What does essence mean?

Definitions for essence
ˈɛs ənsessence

Here are all the possible meanings and translations of the word essence.

Princeton's WordNet

  1. kernel, substance, core, center, centre, essence, gist, heart, heart and soul, inwardness, marrow, meat, nub, pith, sum, nitty-grittynoun

    the choicest or most essential or most vital part of some idea or experience

    "the gist of the prosecutor's argument"; "the heart and soul of the Republican Party"; "the nub of the story"

  2. essencenoun

    any substance possessing to a high degree the predominant properties of a plant or drug or other natural product from which it is extracted

  3. effect, essence, burden, core, gistnoun

    the central meaning or theme of a speech or literary work

  4. perfume, essencenoun

    a toiletry that emits and diffuses a fragrant odor

Wiktionary

  1. essencenoun

    The inherent nature of a thing or idea.

  2. essencenoun

    A significant feature of something.

  3. essencenoun

    The concentrated form of a plant or drug obtained through a distillation process.

  4. essencenoun

    Fragrance, a perfume.

  5. essencenoun

    The true nature of anything, not accidental or illusory.

Samuel Johnson's Dictionary

  1. ESSENCEnoun

    1.Essence is but the very nature of any being, whether it be actually existing or no: a rose in Winter has an essence; in Summer it has existence also. Isaac Watts Logick.

    Etymology: essentia, Latin.

    One thinks the soul is air; another, fire;
    Another, blood diffus’d about the Heart;
    Another faith, the elements conspire,
    And to her essence each doth give a part. Davies.

    I could wish the nature of a spirit were more unknown to me than it is, that I might believe its existence, without meddling at all with its essence. Henry More, Divine Dialogues.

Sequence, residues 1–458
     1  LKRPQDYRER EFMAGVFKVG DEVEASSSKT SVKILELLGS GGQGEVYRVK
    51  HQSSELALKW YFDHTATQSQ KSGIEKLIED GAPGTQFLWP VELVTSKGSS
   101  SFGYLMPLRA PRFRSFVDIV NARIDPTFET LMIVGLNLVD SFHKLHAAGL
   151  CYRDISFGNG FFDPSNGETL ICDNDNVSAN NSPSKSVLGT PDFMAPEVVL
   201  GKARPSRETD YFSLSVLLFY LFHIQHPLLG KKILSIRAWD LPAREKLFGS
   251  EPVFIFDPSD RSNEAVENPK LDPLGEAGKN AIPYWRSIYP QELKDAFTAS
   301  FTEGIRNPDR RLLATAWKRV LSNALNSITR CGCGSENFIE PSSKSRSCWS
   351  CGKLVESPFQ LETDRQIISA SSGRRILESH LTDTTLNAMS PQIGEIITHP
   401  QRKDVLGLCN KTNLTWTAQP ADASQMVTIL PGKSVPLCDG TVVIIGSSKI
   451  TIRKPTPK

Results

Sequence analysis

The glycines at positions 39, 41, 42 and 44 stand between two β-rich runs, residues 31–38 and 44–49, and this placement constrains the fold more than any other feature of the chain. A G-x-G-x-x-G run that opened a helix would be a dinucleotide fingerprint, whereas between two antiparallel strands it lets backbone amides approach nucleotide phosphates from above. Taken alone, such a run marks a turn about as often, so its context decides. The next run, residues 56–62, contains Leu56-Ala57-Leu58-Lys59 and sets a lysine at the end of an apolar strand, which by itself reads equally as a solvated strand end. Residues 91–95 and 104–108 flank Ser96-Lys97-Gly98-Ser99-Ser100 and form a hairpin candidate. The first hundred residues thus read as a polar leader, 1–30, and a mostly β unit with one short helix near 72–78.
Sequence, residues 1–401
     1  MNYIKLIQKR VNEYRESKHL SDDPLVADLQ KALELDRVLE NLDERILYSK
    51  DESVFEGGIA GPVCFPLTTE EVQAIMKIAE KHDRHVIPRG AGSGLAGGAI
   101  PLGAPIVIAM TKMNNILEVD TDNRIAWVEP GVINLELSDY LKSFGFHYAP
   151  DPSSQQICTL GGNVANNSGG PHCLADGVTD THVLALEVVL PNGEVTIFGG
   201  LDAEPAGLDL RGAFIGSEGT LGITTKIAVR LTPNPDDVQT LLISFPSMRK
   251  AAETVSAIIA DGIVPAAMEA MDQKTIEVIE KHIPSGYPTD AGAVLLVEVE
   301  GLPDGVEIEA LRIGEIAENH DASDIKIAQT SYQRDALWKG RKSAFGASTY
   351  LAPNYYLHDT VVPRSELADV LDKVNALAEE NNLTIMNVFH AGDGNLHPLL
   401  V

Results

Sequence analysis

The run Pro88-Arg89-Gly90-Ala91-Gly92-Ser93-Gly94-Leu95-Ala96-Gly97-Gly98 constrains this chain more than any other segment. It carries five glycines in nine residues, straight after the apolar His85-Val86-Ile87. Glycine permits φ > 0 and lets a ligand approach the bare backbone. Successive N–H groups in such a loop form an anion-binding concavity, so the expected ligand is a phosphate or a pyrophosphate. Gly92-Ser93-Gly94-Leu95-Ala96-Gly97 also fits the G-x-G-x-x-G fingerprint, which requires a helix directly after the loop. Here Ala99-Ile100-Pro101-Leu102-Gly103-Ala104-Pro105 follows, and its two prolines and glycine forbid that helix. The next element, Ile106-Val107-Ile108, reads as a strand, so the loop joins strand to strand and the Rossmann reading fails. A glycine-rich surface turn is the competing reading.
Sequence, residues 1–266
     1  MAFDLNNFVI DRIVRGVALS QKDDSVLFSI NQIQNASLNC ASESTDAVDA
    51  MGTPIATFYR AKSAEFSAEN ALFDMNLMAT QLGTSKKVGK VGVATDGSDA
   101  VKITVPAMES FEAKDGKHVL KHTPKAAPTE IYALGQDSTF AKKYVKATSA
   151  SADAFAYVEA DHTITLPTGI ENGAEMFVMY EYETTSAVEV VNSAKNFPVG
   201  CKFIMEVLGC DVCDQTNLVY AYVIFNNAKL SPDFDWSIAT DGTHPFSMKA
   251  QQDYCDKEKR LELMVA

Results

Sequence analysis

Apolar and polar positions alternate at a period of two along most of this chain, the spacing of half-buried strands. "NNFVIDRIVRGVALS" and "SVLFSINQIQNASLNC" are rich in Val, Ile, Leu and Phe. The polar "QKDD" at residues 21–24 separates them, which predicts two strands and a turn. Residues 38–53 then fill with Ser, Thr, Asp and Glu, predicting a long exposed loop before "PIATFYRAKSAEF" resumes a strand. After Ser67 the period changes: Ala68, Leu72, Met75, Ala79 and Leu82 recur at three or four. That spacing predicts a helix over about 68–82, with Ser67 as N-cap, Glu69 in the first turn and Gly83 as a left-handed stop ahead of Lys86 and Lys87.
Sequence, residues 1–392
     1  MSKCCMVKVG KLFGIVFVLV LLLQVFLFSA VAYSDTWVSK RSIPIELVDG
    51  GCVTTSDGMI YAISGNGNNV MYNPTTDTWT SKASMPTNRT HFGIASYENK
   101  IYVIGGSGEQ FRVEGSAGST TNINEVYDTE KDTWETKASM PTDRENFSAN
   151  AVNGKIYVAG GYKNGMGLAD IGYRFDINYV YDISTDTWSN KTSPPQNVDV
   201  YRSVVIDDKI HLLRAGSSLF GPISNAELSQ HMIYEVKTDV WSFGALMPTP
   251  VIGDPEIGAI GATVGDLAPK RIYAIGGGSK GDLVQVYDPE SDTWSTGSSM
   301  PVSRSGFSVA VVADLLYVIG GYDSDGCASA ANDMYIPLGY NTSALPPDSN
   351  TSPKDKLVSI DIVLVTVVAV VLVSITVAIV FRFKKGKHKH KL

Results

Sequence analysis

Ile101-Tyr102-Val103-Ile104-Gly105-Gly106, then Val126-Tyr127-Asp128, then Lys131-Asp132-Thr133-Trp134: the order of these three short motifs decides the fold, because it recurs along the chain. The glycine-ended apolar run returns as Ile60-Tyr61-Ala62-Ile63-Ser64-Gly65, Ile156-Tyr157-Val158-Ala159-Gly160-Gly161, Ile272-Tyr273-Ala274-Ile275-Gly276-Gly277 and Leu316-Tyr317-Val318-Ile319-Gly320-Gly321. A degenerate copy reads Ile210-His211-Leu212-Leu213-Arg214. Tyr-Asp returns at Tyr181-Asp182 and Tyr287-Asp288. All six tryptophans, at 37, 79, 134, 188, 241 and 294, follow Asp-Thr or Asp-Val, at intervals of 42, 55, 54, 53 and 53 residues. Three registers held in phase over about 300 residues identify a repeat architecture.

He wrote the nature of things upon their names: he could view essences in themselves, and read forms without the comment of their respective properties. Robert South, Sermons.

    The visible church of Jesus is one in outward profession of those things, which supernaturally appertain to the very essence of Christianity, and are necessarily required in every particular Christian man. Richard Hooker, b. iii. s. 1.

    In such cogitations have I stood, with such a darkness and heaviness of mind, that I might have been persuaded to have resigned my very essence. Philip Sidney.

    As far as gods, and heav’nly essences
    Can perish. John Milton, Paradise Lost, b. i. l. 138.

    Here be four of you, as differing as the four elements; and yet you are friends: as for Eupolis, because he is temperate, and without passion, he may be the fifth essence. Francis Bacon.

    For spirits, when they please,
    Can either sex assume, or both; so soft
    And uncompounded is their essence pure;
    Not ty’d or manacled with joint or limb. John Milton, Pa. Lost.

    She is my essence; and I leave to be,
    If I be not by her fair influence
    Foster’d, illumin’d, cherish’d, kept alive. William Shakespeare.

    Our humble province is to ’tend the fair;
    To save the powder from too rude a gale,
    Nor let th’ imprison’d essences exhale. Alexander Pope, Rape of the Lock.

  2. To Essenceverb

    To perfume; to scent.

    Etymology: from essence.

    The husband rails, from morning to night, at essenced fops and tawdry courtiers. Joseph Addison, Spectator, №. 128.

Wikipedia

  1. Essence